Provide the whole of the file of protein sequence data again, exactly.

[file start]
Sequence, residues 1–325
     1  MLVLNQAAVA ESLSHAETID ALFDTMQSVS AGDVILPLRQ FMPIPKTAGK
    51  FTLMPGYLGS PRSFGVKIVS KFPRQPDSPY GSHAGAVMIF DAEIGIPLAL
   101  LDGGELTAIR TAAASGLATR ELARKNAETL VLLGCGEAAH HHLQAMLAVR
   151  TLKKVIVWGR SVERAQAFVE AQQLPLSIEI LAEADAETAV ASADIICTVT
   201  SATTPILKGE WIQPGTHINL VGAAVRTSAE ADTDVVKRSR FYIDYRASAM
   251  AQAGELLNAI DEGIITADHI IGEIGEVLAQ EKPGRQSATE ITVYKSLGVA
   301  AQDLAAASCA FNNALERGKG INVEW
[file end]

Sequence, residues 1–325
     1  MLVLNQAAVA ESLSHAETID ALFDTMQSVS AGDVILPLRQ FMPIPKTAGK
    51  FTLMPGYLGS PRSFGVKIVS KFPRQPDSPY GSHAGAVMIF DAEIGIPLAL
   101  LDGGELTAIR TAAASGLATR ELARKNAETL VLLGCGEAAH HHLQAMLAVR
   151  TLKKVIVWGR SVERAQAFVE AQQLPLSIEI LAEADAETAV ASADIICTVT
   201  SATTPILKGE WIQPGTHINL VGAAVRTSAE ADTDVVKRSR FYIDYRASAM
   251  AQAGELLNAI DEGIITADHI IGEIGEVLAQ EKPGRQSATE ITVYKSLGVA
   301  AQDLAAASCA FNNALERGKG INVEW